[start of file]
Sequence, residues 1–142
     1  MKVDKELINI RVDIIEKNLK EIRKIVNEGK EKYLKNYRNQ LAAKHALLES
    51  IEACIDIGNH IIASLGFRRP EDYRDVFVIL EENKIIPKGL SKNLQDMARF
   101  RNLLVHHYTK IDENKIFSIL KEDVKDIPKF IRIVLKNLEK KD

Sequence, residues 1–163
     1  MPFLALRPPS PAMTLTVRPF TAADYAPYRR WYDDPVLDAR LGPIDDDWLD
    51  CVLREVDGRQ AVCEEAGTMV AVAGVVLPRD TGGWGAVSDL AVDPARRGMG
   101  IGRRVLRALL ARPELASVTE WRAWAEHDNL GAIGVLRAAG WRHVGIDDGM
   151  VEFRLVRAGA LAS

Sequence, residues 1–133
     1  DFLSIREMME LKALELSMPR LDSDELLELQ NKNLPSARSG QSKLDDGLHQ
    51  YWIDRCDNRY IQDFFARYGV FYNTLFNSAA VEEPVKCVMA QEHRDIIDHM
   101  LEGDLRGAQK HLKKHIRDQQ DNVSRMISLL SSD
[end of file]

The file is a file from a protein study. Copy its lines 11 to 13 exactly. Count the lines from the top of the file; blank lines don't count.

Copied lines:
     1  DFLSIREMME LKALELSMPR LDSDELLELQ NKNLPSARSG QSKLDDGLHQ
    51  YWIDRCDNRY IQDFFARYGV FYNTLFNSAA VEEPVKCVMA QEHRDIIDHM
   101  LEGDLRGAQK HLKKHIRDQQ DNVSRMISLL SSD